Asylum Seekers and Refugees in major victory as High Court strikes down Immigration Directive 21

In a very comprehensive judgment handed down today in the High Court of South Africa , Western Cape Division, Immigration Directive 21 of 2015 barring Refugees and Asylum seekers from applying for a change of status to any Visa or Permit in terms of the Immigration Act has been declared to be inconsistent with the Constitution of the Republic and invalid and set aside.

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Following a 53-page comprehensive judgement Acting Judge Sher dealt with a number of issues as he attempted to answer the question, is there anything in law and principle prohibiting applications for visas and permits from those in possession of asylum seeker permits and refugee permits? The Judge drew from the historical context of the Refugee law regime, International instruments as well as the existing body of immigration jurisprudence and concluded that an interpretation of the existing Refugees Act and proposed amendment Act, that would lead to the conclusion that Asylum Seekers and Refugees are not permitted to apply for a Visa or Permit in terms of the immigration Act is irrational and falls foul of the principle of legality and rule of law. The court thus concluded that the Director General in issuing Directive 21 acted arbitrarily and irrationally.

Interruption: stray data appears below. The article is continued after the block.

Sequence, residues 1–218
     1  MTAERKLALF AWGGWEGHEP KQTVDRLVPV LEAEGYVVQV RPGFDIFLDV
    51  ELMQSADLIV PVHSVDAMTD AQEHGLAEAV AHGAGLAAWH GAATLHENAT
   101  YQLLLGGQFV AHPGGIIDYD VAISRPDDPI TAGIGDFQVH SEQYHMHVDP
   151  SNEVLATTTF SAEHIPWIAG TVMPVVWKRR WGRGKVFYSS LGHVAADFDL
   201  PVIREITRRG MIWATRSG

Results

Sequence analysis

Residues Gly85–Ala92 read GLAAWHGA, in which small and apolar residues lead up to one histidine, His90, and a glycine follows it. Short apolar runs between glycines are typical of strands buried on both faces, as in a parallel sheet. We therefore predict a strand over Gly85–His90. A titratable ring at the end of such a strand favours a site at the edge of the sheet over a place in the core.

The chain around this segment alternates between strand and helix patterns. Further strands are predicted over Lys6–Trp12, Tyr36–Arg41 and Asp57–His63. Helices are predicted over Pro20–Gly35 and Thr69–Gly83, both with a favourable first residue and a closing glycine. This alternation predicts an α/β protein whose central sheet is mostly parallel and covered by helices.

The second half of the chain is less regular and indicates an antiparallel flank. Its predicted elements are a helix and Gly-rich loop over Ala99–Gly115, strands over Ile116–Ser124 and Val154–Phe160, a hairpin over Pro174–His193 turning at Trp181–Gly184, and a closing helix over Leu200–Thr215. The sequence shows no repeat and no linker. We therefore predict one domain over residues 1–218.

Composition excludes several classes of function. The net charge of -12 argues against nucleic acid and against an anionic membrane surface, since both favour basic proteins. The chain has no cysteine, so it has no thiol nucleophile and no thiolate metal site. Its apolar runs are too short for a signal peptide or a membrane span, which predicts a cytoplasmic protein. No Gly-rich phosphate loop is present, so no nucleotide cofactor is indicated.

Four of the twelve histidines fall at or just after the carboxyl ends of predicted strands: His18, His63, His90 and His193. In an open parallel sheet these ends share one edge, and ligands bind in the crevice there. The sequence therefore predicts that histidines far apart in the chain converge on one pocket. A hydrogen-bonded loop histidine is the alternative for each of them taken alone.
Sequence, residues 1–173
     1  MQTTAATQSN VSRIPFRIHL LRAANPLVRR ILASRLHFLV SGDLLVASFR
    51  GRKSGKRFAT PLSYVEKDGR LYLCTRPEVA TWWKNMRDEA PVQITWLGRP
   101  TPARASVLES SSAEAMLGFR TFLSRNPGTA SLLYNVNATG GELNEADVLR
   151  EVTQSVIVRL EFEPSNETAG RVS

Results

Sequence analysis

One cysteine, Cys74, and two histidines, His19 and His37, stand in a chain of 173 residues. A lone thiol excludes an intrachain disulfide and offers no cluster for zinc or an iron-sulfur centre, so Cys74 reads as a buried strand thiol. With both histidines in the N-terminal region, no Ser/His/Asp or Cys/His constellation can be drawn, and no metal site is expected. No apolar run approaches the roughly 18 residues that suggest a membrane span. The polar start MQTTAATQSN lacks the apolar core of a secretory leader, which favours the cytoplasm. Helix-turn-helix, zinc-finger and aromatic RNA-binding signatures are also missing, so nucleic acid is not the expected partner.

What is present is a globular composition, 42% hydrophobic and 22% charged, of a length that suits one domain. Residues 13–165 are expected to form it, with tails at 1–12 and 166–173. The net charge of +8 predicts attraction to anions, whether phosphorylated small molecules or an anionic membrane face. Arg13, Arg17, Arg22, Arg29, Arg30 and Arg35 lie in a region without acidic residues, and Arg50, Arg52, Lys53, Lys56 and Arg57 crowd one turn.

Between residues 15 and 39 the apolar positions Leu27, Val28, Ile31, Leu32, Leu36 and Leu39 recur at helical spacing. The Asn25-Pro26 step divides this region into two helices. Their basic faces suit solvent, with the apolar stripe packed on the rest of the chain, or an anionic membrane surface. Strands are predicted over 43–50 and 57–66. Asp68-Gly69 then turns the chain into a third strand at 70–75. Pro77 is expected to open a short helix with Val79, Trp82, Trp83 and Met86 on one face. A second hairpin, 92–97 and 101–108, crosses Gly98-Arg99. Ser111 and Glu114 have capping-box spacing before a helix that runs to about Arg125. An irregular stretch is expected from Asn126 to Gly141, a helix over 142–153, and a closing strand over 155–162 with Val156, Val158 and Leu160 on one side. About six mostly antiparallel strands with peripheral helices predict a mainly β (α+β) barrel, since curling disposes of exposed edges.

An important aspect of his judgement was that even failed asylum seekers were permitted to apply for a visa in terms if the immigration Act. He pointed to the provisions of section 32 wherein illegal foreigners are allowed to approach the Director General for authorisation to apply for a status and submitted that the same section was applicable to failed asylum seekers who would have been rendered illegal on the basis of the rejected asylum seeker application. This is an important clarification as this area had been subject to much debate.

The effect of this judgement is that Immigration Directive 21 has been set aside on the ground that it is arbitrary an unconstitutional. Although the court did not make a declaratory order compelling Home Affairs to comply with the order of the court in the Dabone case the court found that its common cause that in essence Circular 10 of 2008 regulating this process would be reinstated. Holders of asylum seeker permits and refugees may now apply for the relevant immigration permits and visas.